Without a partner to trade shifts with, single mothers and fathers may suffer headaches, lack of concentration, high blood pressure, and a weakened immune system.
Conflict with Your Ex
While some single parents don’t have an involved co-parent, many do. Co-parenting with an ex is challenging. You may disagree about parenting time, extracurricular activities, and even finances. All that stress amplifies the difficulties of parenting and makes it harder to enjoy the good parts. It’s best for parents and children if both parties can find ways to work together through mediation, but sometimes all you can do is set boundaries and enforce them.
Stigma and Judgment
Single parents often face judgment from others and stigma about how well they can provide for their families. This is especially true for single mothers. How others treat them can feed unhealthy negative thought spirals for parents and keep them from reaching out for support. The truth is that children can thrive as long as they have one supportive, engaged, healthy role model. Our focus must be on supporting the health of all parents, not on tearing them down.
Chronic Stress Leads to Burnout
Without proper mental health support, these stressors can cause burnout. Chronic stress leads to:
- Anxiety disorders, depressive symptoms, or other mental illness
- Decreased immune function, which can increase the risk of illness
- Lower motivation and creativity
- Reduced energy, productivity, and creativity
- Physical health problems like headaches, muscle tension, physical aches and pains, digestive problems
When parents experience chronic stress, they’re less patient, less productive at work, and have less creative energy to live their purpose. Burnt-out parents are more likely to lose their temper with their children and are less emotionally available. Inter-family struggles in single-parent households can increase risk factors for high-risk behaviors among children.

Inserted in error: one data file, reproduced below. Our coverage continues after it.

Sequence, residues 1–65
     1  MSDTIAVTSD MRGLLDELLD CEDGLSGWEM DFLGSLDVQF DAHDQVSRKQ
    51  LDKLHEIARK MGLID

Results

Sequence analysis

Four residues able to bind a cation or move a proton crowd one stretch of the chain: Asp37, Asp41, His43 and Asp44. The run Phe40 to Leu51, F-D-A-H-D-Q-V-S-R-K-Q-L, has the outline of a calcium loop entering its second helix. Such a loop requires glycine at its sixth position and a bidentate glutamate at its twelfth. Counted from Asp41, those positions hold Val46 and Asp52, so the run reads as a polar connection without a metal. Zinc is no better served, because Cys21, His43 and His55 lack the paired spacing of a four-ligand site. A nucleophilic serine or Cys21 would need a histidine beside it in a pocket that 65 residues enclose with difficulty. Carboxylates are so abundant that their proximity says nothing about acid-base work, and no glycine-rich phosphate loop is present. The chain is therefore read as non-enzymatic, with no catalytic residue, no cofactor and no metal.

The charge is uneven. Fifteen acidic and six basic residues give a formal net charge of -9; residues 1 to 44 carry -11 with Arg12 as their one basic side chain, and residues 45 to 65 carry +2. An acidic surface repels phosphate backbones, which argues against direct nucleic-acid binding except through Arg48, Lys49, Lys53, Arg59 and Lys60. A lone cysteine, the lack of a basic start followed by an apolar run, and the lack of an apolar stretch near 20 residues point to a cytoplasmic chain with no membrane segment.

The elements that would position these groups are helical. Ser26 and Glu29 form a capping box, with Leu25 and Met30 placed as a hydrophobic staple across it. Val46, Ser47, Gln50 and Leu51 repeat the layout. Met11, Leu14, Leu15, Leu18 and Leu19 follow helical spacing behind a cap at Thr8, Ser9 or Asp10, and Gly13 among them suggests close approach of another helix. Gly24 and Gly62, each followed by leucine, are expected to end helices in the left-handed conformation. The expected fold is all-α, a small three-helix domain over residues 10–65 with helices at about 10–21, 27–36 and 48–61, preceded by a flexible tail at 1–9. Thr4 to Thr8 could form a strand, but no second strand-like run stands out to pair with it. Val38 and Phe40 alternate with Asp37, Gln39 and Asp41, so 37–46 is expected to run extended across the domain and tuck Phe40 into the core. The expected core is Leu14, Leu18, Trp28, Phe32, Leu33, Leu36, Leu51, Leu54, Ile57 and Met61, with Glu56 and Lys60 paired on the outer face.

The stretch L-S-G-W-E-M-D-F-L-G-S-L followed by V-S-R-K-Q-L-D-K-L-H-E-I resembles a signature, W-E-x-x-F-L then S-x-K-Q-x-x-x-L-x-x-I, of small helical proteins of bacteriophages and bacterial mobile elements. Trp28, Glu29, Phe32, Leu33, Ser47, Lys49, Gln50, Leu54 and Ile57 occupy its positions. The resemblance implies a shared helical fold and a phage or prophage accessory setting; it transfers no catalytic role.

Supporting single parents’ mental health will improve children’s well-being while helping parents reach their own career and personal goals. Supporting the mental health of single parents benefits us all.
Tips for Managing Mental Health
Prioritize Time for Yourself – Guilt Free
When you set aside a few moments for yourself, you’ll feel renewed and better able to manage life with your children. This could mean a few minutes to read a book or an evening with friends. If possible, schedule a bit of time every day.
It’s not easy to find the time when you’re running a household solo, so here are a few ideas for carving out time.
- Find another single parent to swap child care with.
- Let the kids have some screen time and use the 24 minutes of a show to read a book instead of doing laundry.
- Put your kids to bed thirty minutes earlier so you have a few moments to yourself every evening.
- Join a gym with childcare included in the price.
If you wrestle with guilt over taking time for yourself, try reframing how you think of self-care. Instead of thinking of the time to yourself as an indulgence, think of it as something that allows you to give more to your kids than you can when you’re exhausted and depleted. You’ll also teach your children to prioritize their health and well-being when you prioritize yours.
Embrace Gratitude and Positivity
Our thoughts influence our emotions and behaviors. If you engage in negative self-talk about your parenting, financial success, or how you manage life, it will become increasingly difficult to build the life you want.